Here are a few photos that we took from our recent visit:
During the summer months the bedrooms as well as the north parlor will be "summerized," meaning the furniture will be slipcovered, gauzy white linens draped over mirrors and pictures, and beds will be shrouded in mosquito netting.
|enslaved cook's quarters in loft above kitchen|
Notice the placement of the period appropriate furnishings: they are pushed up against the walls of the room unless they are in use. The furnishings are also highly mobile and can be moved about rather than stationed in place. For example, the dining table would have often been moved out onto the porch for a cooler, more enjoyable meal during the summer months. Household goods were largely chosen to reflect not only the interpretive period, but also the family's socioeconomic status, region, climate, ethnicity, and the isolated island culture that prevailed along the Outer Banks at the time. Most of the items owned by the Etheridge family were purely utilitarian--very few were decorative or extravagant. The furnishings plan was supported with primary and secondary source documentation, archaeological findings, will and probate records, family documents and oral histories.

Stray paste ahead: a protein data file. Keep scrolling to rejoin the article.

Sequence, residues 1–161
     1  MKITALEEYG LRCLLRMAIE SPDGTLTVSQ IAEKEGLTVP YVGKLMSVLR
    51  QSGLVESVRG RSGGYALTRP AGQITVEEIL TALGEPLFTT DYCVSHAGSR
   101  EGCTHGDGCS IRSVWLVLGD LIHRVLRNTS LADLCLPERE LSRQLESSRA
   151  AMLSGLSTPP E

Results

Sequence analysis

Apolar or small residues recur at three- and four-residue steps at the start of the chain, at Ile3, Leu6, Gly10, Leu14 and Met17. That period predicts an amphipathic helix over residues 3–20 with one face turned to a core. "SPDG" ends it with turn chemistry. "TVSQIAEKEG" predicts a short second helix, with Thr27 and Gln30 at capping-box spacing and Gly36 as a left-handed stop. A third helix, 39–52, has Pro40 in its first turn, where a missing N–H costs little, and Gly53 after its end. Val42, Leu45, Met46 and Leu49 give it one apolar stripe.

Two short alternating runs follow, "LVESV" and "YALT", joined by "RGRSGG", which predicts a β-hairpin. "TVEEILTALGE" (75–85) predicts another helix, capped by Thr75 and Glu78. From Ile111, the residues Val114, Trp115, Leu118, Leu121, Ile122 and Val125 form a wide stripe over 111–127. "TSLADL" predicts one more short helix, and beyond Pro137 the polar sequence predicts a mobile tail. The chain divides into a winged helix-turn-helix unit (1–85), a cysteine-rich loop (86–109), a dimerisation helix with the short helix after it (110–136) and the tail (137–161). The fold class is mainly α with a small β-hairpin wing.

I have tons more photos that show the interiors of the other outbuildings but not enough room to post all of them here! If you are interested in learning more about or visiting Island Farm visit http://www.currituckbeachlight.com/islandfarm/
On Dec. 11, Island Farm will host visitors on a guided candlelight tour representing an 1850s Southern Christmas. Gather around a bonfire while muskets are fired to ring in the season. Warm yourself by a crackling fire as you sip a cup of hot wassail, and learn how Christmas traditions began. The farmhouse will be decorated for the holidays with flickering wax candles illuminating the Christmas tree. Carolers will sing Yuletide favorites and costumed interpreters will present vignettes of island life, including the perspective of those who were enslaved.